should 'gladly use' is not his precise form (as Mathew Arnold says) which is no longer a living vehicle of thought and feeling, but a prose which should combine the elements of literary tradition on the one hand with those of contemporary colloquial speech on the other, in that just proportion, and with that subtle blending, which is the secret of great writers in all ages. No writer can express himself adequately in a language which is not his own; the thought and emotions of one age cannot be conveyed in a style which is outworn; and this has come about when the relation between the language of literature and that of every day life is severed."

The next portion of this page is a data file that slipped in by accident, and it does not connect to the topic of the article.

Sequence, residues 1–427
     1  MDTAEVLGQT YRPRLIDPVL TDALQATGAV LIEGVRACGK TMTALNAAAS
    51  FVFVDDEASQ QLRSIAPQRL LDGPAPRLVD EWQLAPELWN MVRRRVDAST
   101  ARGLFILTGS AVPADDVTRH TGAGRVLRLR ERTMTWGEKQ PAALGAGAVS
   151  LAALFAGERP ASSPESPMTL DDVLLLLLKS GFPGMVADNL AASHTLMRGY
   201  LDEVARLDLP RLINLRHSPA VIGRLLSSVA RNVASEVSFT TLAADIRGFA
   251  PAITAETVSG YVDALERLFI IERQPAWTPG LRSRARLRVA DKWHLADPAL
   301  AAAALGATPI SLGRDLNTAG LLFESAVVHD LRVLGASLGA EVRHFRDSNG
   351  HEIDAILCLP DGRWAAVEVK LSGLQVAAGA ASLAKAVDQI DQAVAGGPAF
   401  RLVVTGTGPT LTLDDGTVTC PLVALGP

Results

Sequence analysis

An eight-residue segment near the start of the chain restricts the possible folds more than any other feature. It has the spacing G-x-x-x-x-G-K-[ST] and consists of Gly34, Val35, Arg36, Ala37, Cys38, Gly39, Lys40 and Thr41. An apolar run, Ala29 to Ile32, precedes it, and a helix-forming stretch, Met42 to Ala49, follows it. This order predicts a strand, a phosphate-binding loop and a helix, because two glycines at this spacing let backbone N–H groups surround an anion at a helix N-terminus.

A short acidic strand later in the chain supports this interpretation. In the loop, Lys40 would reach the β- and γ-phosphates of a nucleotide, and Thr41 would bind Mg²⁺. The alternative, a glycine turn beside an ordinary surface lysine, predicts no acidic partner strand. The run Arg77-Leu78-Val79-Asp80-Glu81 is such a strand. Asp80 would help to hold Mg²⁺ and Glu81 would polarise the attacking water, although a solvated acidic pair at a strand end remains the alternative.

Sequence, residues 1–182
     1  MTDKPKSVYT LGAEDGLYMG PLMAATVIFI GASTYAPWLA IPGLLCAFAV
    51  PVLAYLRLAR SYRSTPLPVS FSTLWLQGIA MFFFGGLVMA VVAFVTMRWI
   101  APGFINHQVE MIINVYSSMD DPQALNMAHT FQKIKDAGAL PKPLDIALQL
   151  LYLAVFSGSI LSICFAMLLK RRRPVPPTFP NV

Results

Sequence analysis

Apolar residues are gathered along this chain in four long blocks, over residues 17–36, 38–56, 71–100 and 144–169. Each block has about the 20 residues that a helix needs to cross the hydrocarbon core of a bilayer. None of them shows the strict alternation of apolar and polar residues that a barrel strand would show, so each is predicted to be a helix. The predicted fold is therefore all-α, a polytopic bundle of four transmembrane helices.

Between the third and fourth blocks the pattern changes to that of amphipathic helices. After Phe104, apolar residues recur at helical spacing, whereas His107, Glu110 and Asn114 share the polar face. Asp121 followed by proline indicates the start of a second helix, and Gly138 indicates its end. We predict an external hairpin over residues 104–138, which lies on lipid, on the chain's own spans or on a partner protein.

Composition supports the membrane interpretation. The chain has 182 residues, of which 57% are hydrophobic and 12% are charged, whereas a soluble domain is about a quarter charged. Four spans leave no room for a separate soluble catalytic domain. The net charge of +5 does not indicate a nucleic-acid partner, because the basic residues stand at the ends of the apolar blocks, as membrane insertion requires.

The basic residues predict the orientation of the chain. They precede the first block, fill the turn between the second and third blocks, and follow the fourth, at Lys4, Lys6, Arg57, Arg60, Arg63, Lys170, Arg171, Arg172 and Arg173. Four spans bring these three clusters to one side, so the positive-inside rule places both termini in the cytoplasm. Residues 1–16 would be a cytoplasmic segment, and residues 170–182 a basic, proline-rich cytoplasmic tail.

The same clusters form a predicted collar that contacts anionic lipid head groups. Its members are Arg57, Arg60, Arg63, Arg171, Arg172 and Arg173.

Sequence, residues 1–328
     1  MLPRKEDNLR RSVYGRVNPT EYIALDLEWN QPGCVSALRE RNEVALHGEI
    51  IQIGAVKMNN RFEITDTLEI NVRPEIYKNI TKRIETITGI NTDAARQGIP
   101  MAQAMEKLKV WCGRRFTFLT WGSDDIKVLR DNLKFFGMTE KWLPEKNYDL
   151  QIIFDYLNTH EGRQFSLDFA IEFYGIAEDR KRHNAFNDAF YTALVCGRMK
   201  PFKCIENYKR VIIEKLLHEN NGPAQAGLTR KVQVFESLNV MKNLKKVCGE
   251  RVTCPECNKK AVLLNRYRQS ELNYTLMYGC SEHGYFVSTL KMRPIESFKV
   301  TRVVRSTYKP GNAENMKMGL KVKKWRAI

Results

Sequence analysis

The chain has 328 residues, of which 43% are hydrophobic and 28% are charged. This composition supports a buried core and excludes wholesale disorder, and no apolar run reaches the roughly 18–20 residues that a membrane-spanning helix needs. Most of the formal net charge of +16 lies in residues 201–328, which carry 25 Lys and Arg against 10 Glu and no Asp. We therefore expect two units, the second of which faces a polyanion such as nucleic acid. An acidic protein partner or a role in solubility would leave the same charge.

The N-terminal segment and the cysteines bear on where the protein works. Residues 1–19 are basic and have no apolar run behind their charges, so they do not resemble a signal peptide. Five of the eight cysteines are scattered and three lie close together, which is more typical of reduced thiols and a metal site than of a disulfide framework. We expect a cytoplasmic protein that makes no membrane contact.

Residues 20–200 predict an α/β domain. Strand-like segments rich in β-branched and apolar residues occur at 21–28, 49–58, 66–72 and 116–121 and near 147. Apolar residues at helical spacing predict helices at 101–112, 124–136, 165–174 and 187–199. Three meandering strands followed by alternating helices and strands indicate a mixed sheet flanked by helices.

Let our readers judge, in the light of Prof. Wyld's remarks on the character of literary English, the counter proposal of some of our opponents. If an approximation be necessary, they say, it may as well be brought about by inducing people to speak the literary language as by permitting people to write as they speak; besides, the ancient literary language would thereby be conserved and the spoken dialect purified and ennobled. They contend that all the English men and English women that speak good English do so because they have carefully studied the grammar of the language as well as literaturate and that colloquial English which is spoken at home is as vulgar and